Influenced by its proximity to the Mediterranean Sea, and blending Jewish and Arabic traditions, Israeli cooking has a diverse, undefinable flair. And according to many restaurateurs and foodies, Israeli cuisine was dubbed the newest food trend to watch for in the coming years.
Staple foods like hummus, falafel, Israeli salad, shakshuka, and shawarma—all rustic, simple dishes common to the Israeli lexicon—are served in restaurants, home kitchens, and even food trucks in Israel … and across the world.
Traditional Israeli salads are offered in many restaurants—before you order.
Israeli cucumber and tomato salad
Hummus and falafel
Shawarma and salad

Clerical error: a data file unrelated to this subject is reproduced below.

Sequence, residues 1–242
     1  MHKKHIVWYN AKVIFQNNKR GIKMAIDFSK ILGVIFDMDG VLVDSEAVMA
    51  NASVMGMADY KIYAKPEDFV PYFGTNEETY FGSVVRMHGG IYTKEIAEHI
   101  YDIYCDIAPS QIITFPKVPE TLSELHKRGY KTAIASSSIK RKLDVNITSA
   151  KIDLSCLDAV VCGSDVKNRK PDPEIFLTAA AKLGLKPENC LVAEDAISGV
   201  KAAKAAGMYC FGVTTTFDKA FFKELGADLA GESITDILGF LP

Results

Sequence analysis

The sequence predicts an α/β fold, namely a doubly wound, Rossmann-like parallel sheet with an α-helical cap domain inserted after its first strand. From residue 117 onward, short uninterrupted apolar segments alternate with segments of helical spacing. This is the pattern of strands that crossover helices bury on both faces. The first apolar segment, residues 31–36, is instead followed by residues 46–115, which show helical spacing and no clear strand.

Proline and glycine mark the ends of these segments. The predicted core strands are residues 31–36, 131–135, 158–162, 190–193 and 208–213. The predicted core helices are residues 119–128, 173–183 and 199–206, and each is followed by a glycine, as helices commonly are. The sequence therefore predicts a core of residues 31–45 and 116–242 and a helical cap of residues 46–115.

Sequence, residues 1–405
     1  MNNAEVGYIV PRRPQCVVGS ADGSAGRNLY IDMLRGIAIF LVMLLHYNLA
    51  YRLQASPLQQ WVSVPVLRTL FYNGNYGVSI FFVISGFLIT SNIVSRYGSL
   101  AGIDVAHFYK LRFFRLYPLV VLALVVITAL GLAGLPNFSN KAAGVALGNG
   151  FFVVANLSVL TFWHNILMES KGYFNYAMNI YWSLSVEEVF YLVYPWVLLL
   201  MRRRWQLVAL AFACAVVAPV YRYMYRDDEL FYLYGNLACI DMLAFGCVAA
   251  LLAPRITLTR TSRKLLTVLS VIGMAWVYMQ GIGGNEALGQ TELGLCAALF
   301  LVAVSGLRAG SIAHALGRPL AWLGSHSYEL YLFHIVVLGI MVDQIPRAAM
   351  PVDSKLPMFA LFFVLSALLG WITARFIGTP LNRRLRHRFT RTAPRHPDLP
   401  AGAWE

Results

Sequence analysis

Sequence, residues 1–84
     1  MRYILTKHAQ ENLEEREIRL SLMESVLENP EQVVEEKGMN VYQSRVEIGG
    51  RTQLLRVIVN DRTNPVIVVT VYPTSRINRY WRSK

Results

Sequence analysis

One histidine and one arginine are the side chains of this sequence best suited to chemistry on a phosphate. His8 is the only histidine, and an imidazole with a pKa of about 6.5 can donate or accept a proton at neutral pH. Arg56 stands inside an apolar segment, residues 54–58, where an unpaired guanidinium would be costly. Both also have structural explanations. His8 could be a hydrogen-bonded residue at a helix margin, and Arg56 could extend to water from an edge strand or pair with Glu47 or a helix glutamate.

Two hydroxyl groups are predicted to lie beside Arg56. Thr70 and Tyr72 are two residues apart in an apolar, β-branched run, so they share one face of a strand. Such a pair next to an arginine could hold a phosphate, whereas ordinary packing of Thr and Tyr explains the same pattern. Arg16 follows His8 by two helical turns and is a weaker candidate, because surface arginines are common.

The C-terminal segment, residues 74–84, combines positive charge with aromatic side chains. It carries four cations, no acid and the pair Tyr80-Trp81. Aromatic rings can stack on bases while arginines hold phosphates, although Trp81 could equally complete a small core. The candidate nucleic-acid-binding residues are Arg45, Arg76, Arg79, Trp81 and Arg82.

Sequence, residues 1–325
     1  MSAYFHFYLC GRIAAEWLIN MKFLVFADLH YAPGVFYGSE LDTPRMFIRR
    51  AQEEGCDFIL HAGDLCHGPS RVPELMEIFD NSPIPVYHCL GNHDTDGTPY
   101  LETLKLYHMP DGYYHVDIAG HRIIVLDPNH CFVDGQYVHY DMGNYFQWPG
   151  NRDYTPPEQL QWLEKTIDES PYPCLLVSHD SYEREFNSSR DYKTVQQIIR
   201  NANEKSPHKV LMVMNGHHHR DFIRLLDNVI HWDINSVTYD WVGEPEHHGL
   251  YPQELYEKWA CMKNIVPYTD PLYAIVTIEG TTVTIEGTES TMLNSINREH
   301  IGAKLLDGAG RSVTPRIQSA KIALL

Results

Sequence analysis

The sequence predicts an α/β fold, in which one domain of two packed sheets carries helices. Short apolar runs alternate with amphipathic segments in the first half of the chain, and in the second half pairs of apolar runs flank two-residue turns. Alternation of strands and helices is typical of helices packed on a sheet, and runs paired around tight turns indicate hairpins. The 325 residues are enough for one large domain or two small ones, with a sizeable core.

St Peter’s fish lunch—fish is a type of tilapia
Potato latkes (with sour cream)
Shakshuka is a dish of eggs poached in a sauce of tomatoes, olive oil, peppers, onion, and garlic, commonly spiced with cumin, paprika, and cayenne pepper.
Challah is a special bread of Ashkenazi Jewish origin, usually braided and typically eaten on ceremonial occasions such as Shabbat and major Jewish holidays. Ritually acceptable challah is made of dough from which a small portion has been set aside as an offering.
Bourekas are made with flaky phyllo dough and are typically filled with ground beef, cheese, or vegetables.
Baklava is a rich, sweet pastry made of layers of phyllo filled with chopped nuts and sweetened and held together with syrup or honey.
Middle Eastern sweets
Jelly donuts … Umm Good!